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Old 07-19-2012, 11:13 AM   #1
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Sizing return air supply


I'm currently finishing up a plumbing project in my house and happened to learn a little more about the HVAC supply and returns in my house, after openning up parts of walls and ceilings.

My upstairs is hard to cool and heat.
Just a got a new unit 2.5 tons, up form 2 tons. Its a small 2 story townhouse.

What i learned about my HVAC is they use the wall and floor cavities in some places as the air and return duct. The one return duct i have the most access to is the return from the master bedroom. What i notice is that it comes down the second floor wall( the vent is located at the top of the wall), then turns 90 uses the floor cavity(maybe 10ft run) then back into a first floor, and then down again into the basement.

Wondering if going from a wall cavity to a larger floor cavity(twice its size) then back to a wall cavity would limit the air return?

i think my unit has enough push to get up to the second floor, i think the return is not enough.

There is returns in all 3 bedrooms, and a large return on the first floor.

Would running a duct in the floor/ceiling cavity, trying to better match the wall cavity size make a better flow?

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Old 07-19-2012, 12:24 PM   #2
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Sizing return air supply


In general, the bigger the return the better off you are. I don't know that it would make a big difference in the upstairs vs downstairs temperature. Generally speaking the only way to control that is to either (a) install two systems or (b) install a zoning system. Depending on how your ducts are currently run, you may find the cost of doing either to be quite expensive.

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Old 07-19-2012, 01:12 PM   #3
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Sizing return air supply


The problem is that its small on both ends, with the big section the middle.
Wondering if that would cause some type of lose in flow.

wall cavity is 8'h 2.5"x16". both ends.
floor/ceiling is 10'L 8"x16".
If its equal on both ends, its okay.

Was thinking it would be better to connect the two smaller sections with a duct of equal sq. inches.

Zoning and such, to expensive, just wondering if i could help out the return a little, while i have the ceiling open(for the plumbing i did)
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Old 07-19-2012, 02:19 PM   #4
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Sizing return air supply


Air is like anything else you move through a pipe - it's only as big as the smallest section. So if I have a 16" return that reduces down to 6", and then bck UP to 16" ... I've got a 6" return.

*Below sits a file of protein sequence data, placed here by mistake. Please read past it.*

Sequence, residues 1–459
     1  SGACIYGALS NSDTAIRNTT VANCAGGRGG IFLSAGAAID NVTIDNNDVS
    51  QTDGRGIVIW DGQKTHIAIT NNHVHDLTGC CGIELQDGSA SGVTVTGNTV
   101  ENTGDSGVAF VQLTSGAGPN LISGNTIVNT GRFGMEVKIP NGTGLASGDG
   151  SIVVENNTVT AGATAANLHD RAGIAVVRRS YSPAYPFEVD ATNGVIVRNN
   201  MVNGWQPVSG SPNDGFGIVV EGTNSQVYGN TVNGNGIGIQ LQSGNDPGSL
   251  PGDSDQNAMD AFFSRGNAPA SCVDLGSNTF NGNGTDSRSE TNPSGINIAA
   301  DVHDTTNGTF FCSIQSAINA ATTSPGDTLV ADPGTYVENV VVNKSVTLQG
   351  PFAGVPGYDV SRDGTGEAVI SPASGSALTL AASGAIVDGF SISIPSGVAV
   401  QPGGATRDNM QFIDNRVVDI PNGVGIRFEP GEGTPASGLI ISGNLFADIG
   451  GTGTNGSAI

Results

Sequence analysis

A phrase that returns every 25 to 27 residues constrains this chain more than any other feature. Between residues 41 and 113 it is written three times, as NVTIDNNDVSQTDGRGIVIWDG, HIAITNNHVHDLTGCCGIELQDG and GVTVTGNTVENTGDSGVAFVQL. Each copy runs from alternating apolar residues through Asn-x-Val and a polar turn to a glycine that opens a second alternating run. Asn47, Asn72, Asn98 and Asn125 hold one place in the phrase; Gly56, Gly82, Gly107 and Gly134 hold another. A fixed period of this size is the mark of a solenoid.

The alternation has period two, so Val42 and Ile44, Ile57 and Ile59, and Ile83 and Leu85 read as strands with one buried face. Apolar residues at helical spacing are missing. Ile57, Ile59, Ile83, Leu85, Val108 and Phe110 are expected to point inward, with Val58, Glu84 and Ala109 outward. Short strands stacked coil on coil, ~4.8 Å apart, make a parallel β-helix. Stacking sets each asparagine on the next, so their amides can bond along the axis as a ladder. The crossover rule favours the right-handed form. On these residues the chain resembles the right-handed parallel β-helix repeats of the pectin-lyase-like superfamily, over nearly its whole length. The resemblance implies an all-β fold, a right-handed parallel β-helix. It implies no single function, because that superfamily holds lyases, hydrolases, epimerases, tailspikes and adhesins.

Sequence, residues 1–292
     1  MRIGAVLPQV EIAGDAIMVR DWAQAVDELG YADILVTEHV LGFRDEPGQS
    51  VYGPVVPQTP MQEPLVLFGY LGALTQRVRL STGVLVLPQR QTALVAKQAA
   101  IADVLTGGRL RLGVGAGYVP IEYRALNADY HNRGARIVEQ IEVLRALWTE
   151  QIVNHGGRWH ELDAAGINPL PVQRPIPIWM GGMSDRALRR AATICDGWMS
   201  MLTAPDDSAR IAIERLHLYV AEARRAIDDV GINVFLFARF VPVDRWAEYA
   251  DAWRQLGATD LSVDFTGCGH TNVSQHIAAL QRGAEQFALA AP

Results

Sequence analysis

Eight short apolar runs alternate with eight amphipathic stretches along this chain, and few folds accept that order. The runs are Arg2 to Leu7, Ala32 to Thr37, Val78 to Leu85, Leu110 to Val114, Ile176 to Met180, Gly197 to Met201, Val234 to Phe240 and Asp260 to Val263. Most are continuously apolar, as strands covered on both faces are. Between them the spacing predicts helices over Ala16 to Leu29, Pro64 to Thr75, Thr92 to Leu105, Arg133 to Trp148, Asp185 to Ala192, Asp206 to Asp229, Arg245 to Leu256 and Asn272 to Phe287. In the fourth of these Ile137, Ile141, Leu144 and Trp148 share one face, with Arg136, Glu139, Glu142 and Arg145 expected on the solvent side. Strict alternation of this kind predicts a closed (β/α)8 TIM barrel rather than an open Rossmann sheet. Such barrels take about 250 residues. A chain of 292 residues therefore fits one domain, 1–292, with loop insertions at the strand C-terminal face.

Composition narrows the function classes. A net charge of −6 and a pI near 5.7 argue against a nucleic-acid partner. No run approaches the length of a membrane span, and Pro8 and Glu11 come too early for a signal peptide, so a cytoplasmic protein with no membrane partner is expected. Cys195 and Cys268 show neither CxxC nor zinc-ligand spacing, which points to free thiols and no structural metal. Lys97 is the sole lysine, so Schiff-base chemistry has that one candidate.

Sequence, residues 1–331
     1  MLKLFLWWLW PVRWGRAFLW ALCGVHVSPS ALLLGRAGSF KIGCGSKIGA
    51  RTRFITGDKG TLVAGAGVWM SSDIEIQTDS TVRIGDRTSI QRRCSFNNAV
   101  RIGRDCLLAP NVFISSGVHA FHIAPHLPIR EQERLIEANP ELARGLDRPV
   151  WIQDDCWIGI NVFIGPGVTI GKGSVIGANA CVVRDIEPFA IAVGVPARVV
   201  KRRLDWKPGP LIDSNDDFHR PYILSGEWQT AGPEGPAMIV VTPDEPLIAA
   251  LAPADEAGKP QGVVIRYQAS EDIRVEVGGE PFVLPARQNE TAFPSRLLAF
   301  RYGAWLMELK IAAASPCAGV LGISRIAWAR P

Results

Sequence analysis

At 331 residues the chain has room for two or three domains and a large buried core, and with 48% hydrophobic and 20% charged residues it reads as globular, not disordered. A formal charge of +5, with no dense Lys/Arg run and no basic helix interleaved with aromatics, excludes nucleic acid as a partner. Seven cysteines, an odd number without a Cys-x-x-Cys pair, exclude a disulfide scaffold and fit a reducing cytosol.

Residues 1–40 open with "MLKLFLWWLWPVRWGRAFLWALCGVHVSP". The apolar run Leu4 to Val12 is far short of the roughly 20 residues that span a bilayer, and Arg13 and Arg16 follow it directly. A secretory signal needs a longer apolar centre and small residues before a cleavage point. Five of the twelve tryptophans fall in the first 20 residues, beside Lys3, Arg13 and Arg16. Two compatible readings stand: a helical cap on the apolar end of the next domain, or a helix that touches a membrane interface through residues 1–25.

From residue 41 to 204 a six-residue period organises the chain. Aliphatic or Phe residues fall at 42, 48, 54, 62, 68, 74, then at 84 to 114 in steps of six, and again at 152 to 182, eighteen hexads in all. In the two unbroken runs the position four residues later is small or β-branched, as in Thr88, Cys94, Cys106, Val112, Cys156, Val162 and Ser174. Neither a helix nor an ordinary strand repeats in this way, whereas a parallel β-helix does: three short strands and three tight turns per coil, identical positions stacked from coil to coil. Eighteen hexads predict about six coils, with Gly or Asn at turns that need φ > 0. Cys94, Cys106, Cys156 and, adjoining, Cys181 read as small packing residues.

So your intent is to DECREASE the size of the 8" x 16" joist space to align more closely with the 2.5" x 16" wall cavity? If so, that's a waste of time, effort and money. It would not do anything at all to help your return situation. As stated above, you're effectively dealing with a 2.5 x 16 return at this point - regardless that it passes through a larger space.

Last edited by scottmcd9999; 07-19-2012 at 02:23 PM.
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Old 07-25-2012, 01:11 PM   #5
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Sizing return air supply


Your problem. particularly during cooling, is typical in a 2 story house. Your furnace/AC supply fan should be running continuously on "low/mid low" speed at all times then kick in to HI speed when the thermostat calls for cooling i.e., your thermostat temperature rises above the desired "set point" temperature and asks for more cooling. The continuous circulation should produce even temperatures throughout. Cold air is harder to move than warm air so, this is not usually required during heating mode but could also be beneficial if necessary. Your thermostat may already have a "cool" "on" setting that automatically runs the fan in this manner. If not then it can be rewired to do so. If the TT will not currently do this then, if you have a manual/off/on switch on the furnace fan you can switch it to run continuously and leave the TT on "auto" to prove if the continuous fan operation imprves the air temps throughout. Do not put TT in "fan only" setting then cooling will not come on. Other alternative is to directly wire the fan to run continuously, foe a day or two, leave the TT on auto and see if that works. Usually does. This is assuming the system isn't ancient and is equipped with a multi speede fan motor. Most have been for about 20 years now. AIR CIRCULATION IS THE KEY If this doesn't work then fan/duct capacities should be checked. MAKE SURE FAN AND FILTERS/COILS ARE ALL CLEAN!!
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